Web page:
It’s true that being overly available can seem desperate or unattractive, but the last thing you want to do is play dating games.
If you’re suffering from no-life syndrome, step back and ask yourself why you aren’t having fun on your own. Play the sport you like or pursue one of your interests. Insecure people push for serious relationships for the security it brings, and people can sense that.
To make yourself a better partner, think about your past relationships.
When you’re finished with Part 1, you can read Part 2 here. That’s what it’s called when someone you’re dating or in a relationship with disappears on you. 2013: I recently had a boyfriend of two months totally, utterly and completely disappear on me. He called me every day, took me out a few times a week and always had a lot of energy and affection for me. I won’t bore you with the details but, long story short, out of no where, he disappeared on me. The next, I couldn’t get in touch with him for love or money. Besides, there was no excuse for his decision to end things via radio silence. Fear and pessimism was NOT the vibe I wanted to bring to the table. One click led to another click led to another click and I found myself at a website called Dating With Dignity. And I was somewhat of an ‘expert’ myself, having written an (albeit humorous) advice book on dating and relationships, inspired by lessons I’d learned over the years. But there’s nothing I love more than being pleasantly surprised…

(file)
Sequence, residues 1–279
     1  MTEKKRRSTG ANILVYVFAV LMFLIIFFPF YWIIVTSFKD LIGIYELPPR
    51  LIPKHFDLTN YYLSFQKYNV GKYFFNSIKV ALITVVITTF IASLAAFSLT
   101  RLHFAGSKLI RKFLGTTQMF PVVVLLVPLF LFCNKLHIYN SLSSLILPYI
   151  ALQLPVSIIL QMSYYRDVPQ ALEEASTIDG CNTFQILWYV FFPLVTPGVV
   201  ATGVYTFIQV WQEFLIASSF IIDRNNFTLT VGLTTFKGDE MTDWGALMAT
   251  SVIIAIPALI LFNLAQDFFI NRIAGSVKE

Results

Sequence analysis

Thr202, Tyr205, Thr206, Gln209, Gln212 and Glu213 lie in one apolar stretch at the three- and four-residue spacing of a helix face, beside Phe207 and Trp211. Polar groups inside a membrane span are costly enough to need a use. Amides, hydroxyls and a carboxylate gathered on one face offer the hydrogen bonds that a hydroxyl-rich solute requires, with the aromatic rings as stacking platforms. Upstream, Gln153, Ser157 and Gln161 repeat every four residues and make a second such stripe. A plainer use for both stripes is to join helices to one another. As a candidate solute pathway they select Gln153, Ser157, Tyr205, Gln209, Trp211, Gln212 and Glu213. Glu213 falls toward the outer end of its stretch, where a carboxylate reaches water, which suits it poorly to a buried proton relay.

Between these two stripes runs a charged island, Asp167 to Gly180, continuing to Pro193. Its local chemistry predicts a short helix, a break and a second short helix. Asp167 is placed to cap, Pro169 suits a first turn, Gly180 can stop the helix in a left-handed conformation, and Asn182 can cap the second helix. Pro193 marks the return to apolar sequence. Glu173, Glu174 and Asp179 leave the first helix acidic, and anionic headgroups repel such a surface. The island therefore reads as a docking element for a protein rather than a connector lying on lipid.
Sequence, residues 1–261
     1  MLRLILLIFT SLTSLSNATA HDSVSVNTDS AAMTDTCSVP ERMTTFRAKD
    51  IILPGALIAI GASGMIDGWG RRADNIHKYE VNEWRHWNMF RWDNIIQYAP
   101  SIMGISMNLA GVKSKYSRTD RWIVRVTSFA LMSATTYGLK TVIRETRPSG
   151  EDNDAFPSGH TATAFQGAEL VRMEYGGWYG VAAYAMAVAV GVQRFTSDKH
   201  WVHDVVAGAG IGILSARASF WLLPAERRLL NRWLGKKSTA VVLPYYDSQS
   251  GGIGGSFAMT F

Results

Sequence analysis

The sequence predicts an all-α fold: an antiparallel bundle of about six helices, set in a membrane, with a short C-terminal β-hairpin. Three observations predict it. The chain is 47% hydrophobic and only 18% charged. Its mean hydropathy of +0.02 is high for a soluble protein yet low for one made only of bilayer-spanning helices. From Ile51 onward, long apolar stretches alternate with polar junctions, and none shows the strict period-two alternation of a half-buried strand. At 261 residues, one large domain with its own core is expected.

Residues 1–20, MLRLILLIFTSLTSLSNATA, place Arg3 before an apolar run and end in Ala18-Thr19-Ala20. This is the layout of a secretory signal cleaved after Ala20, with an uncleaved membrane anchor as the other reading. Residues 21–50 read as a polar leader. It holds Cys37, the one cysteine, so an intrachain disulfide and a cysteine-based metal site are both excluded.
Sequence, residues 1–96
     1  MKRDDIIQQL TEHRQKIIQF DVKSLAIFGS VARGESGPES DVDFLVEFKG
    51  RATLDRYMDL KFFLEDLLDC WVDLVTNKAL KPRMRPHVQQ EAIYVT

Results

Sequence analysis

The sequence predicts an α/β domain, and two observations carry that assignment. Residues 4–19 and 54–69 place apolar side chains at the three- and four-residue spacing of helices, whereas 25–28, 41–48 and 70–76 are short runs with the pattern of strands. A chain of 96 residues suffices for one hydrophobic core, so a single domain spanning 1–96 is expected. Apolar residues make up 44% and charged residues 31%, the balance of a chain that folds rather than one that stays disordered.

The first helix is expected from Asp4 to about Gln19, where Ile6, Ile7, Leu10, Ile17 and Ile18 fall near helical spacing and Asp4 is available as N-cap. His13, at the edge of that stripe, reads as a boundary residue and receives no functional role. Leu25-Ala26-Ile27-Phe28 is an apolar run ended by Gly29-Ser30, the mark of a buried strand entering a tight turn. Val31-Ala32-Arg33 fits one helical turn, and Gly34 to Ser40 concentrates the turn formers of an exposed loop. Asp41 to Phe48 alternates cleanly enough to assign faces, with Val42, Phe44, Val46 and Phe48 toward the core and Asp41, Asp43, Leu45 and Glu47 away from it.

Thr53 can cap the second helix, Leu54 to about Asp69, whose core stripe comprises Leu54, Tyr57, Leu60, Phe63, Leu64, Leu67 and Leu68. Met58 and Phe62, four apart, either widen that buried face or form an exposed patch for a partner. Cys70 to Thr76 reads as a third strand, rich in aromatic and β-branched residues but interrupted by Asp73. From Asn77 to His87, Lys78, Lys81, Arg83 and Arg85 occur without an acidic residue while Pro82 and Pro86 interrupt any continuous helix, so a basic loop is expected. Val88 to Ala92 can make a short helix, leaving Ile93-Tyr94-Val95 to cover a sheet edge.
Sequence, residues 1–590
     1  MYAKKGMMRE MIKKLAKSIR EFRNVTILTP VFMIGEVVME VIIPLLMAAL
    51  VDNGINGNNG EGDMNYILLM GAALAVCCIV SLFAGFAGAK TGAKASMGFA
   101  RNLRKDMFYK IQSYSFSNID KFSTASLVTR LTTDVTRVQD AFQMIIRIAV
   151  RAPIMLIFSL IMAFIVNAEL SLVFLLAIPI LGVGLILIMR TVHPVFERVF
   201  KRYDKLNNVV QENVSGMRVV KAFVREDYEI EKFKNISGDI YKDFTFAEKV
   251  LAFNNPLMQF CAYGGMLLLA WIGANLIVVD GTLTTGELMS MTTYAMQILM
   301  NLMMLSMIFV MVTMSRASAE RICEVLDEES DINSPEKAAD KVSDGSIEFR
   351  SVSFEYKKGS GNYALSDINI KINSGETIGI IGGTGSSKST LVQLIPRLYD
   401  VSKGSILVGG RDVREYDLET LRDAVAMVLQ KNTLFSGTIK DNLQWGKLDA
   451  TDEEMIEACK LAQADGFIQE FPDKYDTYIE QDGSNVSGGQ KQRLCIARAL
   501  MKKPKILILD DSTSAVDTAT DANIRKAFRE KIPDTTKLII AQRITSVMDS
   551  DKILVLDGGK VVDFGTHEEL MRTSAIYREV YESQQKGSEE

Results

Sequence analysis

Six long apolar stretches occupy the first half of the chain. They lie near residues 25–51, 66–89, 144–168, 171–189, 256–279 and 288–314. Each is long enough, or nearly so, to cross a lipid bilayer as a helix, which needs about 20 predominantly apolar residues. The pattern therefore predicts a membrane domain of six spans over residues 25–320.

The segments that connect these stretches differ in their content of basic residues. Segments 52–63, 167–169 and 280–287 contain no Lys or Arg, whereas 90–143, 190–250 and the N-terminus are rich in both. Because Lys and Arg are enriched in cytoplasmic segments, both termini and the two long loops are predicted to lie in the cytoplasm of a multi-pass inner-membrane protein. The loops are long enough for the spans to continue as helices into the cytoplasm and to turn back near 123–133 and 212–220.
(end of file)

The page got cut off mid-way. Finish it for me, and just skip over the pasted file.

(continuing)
Despite my extensive dating history, this had never happened to me before. So common, in fact, there’s a whole chapter dedicated to it in by Greg Behrendt and Liz Tuccillo. Sure, it wasn’t perfect, and we had a long way to go to get to know each other, build a little history and make some memories. A warm and friendly woman named Marni Battista was offering a FREE three-part video series, which included some of her best dating advice. The three free Dating with Dignity videos are jam-packed with great tips, but here are the top two revelations that I, personally, took away: 1.
Anyway, MDM (Mr Disappearing Man) and I had something really good going – or so I thought. We were the same age and from a similar background, had loads in common, got along famously, had great chemistry and seemed to want the same things in life. While, naturally, we didn’t always see eye-to-eye, we never had one argument. I have my theories as to why he vanished so fast it made my head spin (in more ways than one), but this isn’t about him. How am I ever going to feel happy and safe in a relationship when the guy could shock me to my core at any minute?
How not to let ‘ghosting’ turn into ‘trust issues’ Once I came to terms with the fact that I might never see or hear from him ever again (which I was disappointed but not devastated by), I was faced with a new dilemma: How the hell am I supposed to get back out there when, apparently, dating someone for two months and having everything going for you as a couple means absolutely nothing – not even a friendship or, at the very least, a goodbye?